Preserver: Helsinki City Archives
C. L. Engel’s collection of letters and drawings
The collection of the letters of the architect Carl Ludvig Engel, which the City of Helsinki acquired from Germany in 1938, affords a unique glimpse into the history of Finnish architecture. The collection, which covers the years from 1813 to 1840, consists of letters Engels sent to Germany to his friend from his student days Carl Herrlich and his nephew Eduard Jacob. The collection allows an opportunity to become acquainted with Engel’s creative process and everyday challenges. As an architect, Engels was a master of applying the strict classical ideals of the era, but he was also very interested in developing the technical aspects of construction. Engel’s letters are a priceless source for the study of our architectural history.
The collection also gives a wider view on the spirit, culture and social phenomena of the era. The letters are almost the only source of information about Engel's private life and character. The observations Engel made as a foreigner about Finland, and above all about cosmopolitan and multilingual Helsinki, offer an invaluable insight into the roots of our cultural heritage.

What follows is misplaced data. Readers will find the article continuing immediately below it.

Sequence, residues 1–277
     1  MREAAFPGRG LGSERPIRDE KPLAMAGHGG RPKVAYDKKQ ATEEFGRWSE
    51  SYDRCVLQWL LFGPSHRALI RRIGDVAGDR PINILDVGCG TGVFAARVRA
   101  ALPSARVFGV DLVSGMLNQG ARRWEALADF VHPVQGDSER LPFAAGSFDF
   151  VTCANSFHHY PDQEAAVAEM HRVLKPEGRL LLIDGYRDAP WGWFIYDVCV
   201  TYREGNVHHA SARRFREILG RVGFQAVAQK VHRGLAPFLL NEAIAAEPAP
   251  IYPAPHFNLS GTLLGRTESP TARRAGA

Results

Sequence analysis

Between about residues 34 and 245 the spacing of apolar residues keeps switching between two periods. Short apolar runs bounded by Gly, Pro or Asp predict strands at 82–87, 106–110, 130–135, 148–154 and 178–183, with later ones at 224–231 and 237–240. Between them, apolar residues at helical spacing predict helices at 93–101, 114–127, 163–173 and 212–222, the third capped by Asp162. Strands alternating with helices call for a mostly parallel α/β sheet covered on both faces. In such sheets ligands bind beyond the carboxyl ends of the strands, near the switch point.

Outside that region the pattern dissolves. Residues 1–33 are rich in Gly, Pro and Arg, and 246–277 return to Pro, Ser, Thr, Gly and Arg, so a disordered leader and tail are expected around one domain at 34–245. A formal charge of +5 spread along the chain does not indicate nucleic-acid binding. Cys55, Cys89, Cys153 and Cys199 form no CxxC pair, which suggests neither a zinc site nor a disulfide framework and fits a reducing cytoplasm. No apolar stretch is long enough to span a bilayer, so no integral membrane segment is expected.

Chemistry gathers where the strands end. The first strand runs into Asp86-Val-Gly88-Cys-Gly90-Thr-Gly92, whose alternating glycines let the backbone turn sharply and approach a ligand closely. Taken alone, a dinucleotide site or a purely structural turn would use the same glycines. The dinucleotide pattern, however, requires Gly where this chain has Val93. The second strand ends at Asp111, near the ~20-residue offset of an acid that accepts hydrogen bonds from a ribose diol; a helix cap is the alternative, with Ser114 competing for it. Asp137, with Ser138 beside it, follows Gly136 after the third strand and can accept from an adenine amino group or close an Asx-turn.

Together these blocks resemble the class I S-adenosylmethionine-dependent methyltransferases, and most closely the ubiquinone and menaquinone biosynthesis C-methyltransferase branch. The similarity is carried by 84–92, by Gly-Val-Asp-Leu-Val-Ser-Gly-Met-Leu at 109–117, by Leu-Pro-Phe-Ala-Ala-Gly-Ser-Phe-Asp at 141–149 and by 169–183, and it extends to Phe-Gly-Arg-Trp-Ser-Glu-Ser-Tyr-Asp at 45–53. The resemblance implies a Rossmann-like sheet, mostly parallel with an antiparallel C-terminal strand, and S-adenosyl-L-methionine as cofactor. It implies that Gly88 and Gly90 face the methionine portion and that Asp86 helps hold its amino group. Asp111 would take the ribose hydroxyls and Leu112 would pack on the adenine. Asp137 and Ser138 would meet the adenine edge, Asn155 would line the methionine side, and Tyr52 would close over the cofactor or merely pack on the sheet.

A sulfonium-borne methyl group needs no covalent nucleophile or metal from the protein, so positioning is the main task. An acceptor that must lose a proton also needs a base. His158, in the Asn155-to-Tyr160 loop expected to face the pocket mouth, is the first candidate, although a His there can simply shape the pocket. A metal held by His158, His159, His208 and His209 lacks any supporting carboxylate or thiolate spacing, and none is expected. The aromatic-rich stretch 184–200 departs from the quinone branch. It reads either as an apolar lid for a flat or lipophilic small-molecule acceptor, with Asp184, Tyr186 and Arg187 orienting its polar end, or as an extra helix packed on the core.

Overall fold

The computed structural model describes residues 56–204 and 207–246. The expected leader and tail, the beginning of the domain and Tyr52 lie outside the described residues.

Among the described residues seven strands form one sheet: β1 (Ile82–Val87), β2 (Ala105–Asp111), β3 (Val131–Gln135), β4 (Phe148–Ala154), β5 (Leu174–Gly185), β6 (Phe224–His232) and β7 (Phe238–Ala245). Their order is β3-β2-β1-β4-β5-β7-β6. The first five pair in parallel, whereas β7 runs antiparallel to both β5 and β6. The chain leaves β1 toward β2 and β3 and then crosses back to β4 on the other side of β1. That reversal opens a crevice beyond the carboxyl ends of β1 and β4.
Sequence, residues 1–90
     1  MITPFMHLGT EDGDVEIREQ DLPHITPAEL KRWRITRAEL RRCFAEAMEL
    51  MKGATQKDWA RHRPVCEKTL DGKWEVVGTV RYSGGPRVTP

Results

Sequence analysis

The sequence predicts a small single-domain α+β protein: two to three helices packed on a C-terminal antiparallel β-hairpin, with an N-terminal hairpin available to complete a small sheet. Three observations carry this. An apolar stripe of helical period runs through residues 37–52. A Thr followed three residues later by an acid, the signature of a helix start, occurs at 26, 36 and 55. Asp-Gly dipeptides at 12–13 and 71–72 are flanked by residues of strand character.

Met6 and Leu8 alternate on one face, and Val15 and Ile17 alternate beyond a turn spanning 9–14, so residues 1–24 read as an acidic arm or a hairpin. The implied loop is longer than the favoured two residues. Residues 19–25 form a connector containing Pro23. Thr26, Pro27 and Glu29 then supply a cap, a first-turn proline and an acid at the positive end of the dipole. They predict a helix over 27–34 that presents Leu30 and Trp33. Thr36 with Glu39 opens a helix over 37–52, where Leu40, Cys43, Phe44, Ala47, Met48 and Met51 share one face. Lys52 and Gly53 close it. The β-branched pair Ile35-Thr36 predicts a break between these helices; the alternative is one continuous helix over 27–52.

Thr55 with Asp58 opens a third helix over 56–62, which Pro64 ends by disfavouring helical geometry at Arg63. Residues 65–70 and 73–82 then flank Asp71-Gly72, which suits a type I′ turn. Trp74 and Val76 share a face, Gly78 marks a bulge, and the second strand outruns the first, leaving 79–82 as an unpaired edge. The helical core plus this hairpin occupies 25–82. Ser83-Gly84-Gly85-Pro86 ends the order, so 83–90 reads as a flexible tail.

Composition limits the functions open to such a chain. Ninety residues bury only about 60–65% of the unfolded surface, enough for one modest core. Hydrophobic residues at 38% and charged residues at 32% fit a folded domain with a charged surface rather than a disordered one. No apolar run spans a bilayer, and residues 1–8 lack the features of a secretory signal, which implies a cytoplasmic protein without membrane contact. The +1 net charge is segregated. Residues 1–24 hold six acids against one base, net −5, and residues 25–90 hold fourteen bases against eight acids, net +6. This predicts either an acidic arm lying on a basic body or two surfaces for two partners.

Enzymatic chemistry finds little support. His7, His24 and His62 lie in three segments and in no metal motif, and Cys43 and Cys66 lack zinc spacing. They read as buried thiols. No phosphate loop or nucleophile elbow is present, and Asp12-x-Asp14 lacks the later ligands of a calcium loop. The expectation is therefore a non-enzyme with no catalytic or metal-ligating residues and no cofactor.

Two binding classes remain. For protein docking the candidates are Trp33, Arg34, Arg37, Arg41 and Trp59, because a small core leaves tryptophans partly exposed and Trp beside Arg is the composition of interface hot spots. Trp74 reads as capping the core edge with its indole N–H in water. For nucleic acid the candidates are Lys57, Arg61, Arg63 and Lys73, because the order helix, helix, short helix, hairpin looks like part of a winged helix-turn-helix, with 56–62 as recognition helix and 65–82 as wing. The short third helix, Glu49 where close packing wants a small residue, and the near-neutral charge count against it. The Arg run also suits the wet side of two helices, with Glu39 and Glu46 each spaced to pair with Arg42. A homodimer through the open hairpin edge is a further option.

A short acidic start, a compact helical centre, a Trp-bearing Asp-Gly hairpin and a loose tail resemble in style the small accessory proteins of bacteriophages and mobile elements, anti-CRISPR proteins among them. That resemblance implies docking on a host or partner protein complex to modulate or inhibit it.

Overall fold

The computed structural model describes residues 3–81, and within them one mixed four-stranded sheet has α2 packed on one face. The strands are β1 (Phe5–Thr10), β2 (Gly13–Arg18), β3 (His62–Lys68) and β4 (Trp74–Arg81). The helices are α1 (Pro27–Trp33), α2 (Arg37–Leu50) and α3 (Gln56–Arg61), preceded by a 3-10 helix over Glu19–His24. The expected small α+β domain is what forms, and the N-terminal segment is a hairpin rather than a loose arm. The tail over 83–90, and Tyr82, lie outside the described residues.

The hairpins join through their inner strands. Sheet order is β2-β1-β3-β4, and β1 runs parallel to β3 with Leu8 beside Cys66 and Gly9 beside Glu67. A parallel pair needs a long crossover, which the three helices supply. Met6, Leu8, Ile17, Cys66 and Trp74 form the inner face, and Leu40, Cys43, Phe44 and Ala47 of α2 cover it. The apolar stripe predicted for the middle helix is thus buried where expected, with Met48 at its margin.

Carl Ludvig Engel (1778 – 1840) was appointed as the architect for the Helsinki rebuilding committee in 1816. From 1824, he worked as the highest official responsible for public buildings in the Grand Duchy of Finland. Engel may have had the biggest influence on the development of Finnish architecture and the birth of our building stock of any Finnish architect. The unique impact of his work can be seen in town plans all over Finland and in our architecture. Classicism became the quintessential feature of Finnish architecture. Buildings designed by Engel were erected in Finland from the Åland Islands to Mikkeli, from Helsinki all the way to Tornio in the north.
Engel designed the public buildings in the new monumental centre of Helsinki, such as Helsinki Cathedral, the Senate House and the University’s main building and library on the Senate square. Designing these central buildings was undoubtedly Engel’s greatest achievement. Creating a new city from nothing was a project that nurtured Engel’s creativity and made use of his exceptional artistic abilities. In addition to the buildings Engel designed himself, he was also responsible for the supervision of the entire country’s building activities and town planning and the training of new architects. He thus had a profound influence on the entire architecture of the country and left a lasting legacy for future generations of architects.